If you live somewhere with snowy and icy winters, you’ve likely considered getting a car that is reliable and effective during these winter months. So, which is better at keeping you safe and in control in the winter and what’s the difference?
All-wheel drive powers all the wheels at the same time. Both the front and back wheels operate together. There are two types of all-wheel drive: full-time and part-time. Full-time all-wheel drive is always using four wheels; part-time is usually in two-wheel drive mode but can “turn on” all-wheel drive when additional traction is needed.
Both types of all-wheel drive do not require input from the driver. Some vehicle models do come with different driving modes like snow or ice mode, which is designed to optimize traction on snow or ice.
Full-time all-wheel drive always uses both the front and back axles. Having full-time all-wheel drive can improve handling on dry pavement and can help the vehicle use its full power. In slick road conditions, it provides additional traction which helps the driver continue to drive with increased safety and confidence.
Part-time all-wheel drive always provides torque on two of the wheels time. The system can either provide the torque to the front or back wheels depending on the make and model of the car. When the system identifies slick road conditions that require additional traction, it will engage the other two wheels. Newer models use electronic sensors that inform the computer in the car on the amount of traction needed for safe driving.
When you think of four-wheel drive you may think of huge pickup trucks with big tires, a tow hook, or other heavy-duty additions. These trucks may have four-wheel drive, but they aren’t the only kind that would. Four-wheel drive is also popular in SUVs. Some may think that four-wheel drive implies that a car is designed for off-roading, but it can also mean a smooth and luxurious ride on regular roads. As opposed to all-wheel drive, four-wheel drive is designed more for rugged terrain, so it’s a little stronger and tougher.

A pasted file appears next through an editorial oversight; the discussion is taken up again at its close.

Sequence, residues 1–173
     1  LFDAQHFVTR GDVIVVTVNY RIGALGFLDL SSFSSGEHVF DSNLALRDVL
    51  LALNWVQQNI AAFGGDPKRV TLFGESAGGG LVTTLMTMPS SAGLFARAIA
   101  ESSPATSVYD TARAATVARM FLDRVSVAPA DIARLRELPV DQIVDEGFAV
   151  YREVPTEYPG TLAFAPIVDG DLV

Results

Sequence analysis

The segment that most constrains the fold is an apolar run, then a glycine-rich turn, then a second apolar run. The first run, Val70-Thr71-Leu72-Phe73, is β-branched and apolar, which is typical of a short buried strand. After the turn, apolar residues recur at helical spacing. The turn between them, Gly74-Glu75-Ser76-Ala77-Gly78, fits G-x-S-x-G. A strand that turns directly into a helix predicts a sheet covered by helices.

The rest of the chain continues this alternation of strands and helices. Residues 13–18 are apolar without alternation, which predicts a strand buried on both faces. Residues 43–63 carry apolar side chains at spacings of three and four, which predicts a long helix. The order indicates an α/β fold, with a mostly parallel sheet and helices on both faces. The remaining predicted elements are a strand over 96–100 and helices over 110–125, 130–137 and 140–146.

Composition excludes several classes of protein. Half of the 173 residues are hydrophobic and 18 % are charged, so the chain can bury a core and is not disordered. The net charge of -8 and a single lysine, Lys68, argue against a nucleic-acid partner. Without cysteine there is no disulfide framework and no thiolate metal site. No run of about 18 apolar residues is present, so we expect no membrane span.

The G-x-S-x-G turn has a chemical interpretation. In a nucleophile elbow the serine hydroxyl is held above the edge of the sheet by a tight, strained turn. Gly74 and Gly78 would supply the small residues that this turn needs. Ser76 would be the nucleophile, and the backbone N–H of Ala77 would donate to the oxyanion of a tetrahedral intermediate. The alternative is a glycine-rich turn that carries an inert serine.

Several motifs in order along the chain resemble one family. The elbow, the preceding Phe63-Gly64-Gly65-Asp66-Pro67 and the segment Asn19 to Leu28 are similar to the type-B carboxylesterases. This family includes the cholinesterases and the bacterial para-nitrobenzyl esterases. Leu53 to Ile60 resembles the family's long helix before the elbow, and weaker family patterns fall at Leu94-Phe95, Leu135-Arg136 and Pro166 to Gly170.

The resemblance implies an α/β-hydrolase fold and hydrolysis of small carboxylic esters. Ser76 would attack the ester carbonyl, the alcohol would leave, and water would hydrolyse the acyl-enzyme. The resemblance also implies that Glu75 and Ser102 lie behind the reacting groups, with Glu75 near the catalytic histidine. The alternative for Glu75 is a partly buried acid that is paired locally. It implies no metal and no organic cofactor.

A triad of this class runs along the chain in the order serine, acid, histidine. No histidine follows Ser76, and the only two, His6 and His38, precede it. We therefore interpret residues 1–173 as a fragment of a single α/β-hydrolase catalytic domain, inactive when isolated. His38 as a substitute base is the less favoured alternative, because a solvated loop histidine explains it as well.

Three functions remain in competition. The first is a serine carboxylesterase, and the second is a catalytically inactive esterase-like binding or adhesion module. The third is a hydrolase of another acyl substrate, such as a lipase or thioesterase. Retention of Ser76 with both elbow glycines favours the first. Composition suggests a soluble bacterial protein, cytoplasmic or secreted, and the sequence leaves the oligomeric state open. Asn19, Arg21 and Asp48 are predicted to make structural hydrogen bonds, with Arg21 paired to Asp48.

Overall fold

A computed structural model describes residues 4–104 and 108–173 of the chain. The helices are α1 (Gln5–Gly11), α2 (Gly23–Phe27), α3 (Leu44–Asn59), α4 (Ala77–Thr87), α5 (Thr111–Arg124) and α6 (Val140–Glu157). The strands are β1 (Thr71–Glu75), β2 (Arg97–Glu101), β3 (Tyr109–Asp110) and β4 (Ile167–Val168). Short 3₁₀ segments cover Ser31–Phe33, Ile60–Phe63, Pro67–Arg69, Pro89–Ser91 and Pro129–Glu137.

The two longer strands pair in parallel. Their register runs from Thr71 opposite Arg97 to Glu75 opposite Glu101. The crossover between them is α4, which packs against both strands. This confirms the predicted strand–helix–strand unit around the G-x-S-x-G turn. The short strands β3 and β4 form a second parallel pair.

Four-wheel drive also has full-time and part-time four-wheel drive. Full-time sends power to all four wheels and some may have the option for drivers to decide how the power is distributed through the axles. Part-time always supplies power to two of the wheels, usually the rear wheels. When it’s activated by the driver, the other two wheels start receiving power. In order to be completely in four-wheel drive, the driver has to shift a lever or push a button depending on the make and model of the car.
It’s also common for four-wheel drive vehicles to be equipped with high and low ranges. The driver can select which range to operate in usually through a lever or switch. The low range provides maximum traction on off-roads, while the high range is the default setting for normal, everyday driving.
Which Is Better for Winter Driving?
During the winter months, when ice and snow can quickly take over the roads, your traction is crucial. All-wheel drive systems can provide the power to all the wheels at the same time or they automatically engage torque to all the wheels. Typically, all-wheel drive is better for driving on snowy and icy roads because the driver doesn’t have to make any changes or use guesswork. But four-wheel drive is good option if you’re going to be driving in deeper snow or very extreme winter weather conditions. Four-wheel drive would be better if you had to encounter a snowdrift or an icy hill.
All-wheel drive and four-wheel drive aren’t necessary competitors, it’s more about finding which fits better for your needs. If you live on a back road that isn’t plowed, a four-wheel drive may make more sense for your needs. If you’re in the city where roads are typically plowed but still slick, all-wheel drive may be your best bet.
Whether you choose all-wheel or four-wheel drive, make sure your auto is properly insured before winter weather hits. Contact your Farm Bureau agent to review your coverage today.